Addis Abeba – Farmers in East Gojjam Zone, Amhara regional state have filed complaints with zonal authorities on March 22 regarding the current lack of supply and rising cost of fertilizers ahead of to coming main crop planting season.
According to East Gojam Police Bureau, representatives of the farmers who were drawn from various localities in the zone told zonal authorities that one of the main reasons for their harvest declines were the lack of timely supply of fertilizer and rising costs, contributing to their inability to buy and use the fertilizer timely.
The farmer’s representatives further cautioned that failure to provide adequate fertilizer for the next farming season could lead to a reduction in production and cause further damage to the lives of the farmers. They concluded their discussion by calling on the zonal leadership to facilitate speedy solution and forming a committee from each Woreda in the zone.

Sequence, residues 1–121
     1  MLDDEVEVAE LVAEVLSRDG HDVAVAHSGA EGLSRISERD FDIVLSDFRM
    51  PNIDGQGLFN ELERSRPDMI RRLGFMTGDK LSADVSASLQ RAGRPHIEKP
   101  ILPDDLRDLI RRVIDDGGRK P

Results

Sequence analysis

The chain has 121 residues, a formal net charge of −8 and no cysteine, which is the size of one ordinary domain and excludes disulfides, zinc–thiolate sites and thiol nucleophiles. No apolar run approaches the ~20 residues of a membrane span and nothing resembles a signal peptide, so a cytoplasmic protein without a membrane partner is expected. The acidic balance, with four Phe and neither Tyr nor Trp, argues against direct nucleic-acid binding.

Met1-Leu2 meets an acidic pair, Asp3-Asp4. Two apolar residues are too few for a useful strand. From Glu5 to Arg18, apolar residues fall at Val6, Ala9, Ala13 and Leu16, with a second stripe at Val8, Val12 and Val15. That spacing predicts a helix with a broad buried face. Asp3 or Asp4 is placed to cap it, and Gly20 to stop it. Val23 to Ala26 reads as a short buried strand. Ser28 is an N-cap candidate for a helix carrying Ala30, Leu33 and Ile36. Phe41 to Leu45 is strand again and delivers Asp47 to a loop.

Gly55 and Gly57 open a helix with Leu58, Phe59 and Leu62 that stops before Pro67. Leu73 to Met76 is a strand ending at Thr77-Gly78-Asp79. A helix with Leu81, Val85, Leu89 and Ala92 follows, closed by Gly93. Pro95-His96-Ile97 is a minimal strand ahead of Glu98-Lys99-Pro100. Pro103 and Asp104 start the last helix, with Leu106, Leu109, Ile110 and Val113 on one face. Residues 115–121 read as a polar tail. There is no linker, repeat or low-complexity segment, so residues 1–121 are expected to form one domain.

The farmer’s complaint comes amidst growing fears that the global supply chain of fertilizer was facing unprecedented disruption following Russia’s invasion of Ukraine. According to data from The Fertilizer Institute, Russia is the world’s largest exporter of fertilizers, accounting for 23% of ammonia exports, 14% of urea exports, 10% of processed phosphate exports, and 21% of potash exports. TFI warned that the war “will add additional pressure on a market that has already experienced many challenges over the last 18 months.”
On the same day the farmers in east Gojam filed their complaints,Prime Minister Abiy Ahmed accompanied by Mr. Taufila Nyamadzab, World Bank Executive Director for Africa Group 1 and Ousmane Dione, World Bank Country Director for Ethiopia, Sudan, South Sudan and Eritrea, visited cluster wheat productivity in East Shewa Zone, Adama Woreda of the Oromia Region.
PM Abiy repeatedly speaks of replacing “wheat imports through enhanced local production”. Accordingly, he said various regions have been maximizing efforts accordingly. “Oromia Region has thus far cultivated wheat on 355 hectares,” he said.
Less than 40% of farmers in Ethiopia use fertilizer, according to a research study, and “those who do, apply rates significantly below those recommended. This low fertilizer use is primarily due to prices being two to three times higher than prices on the world markets.” AS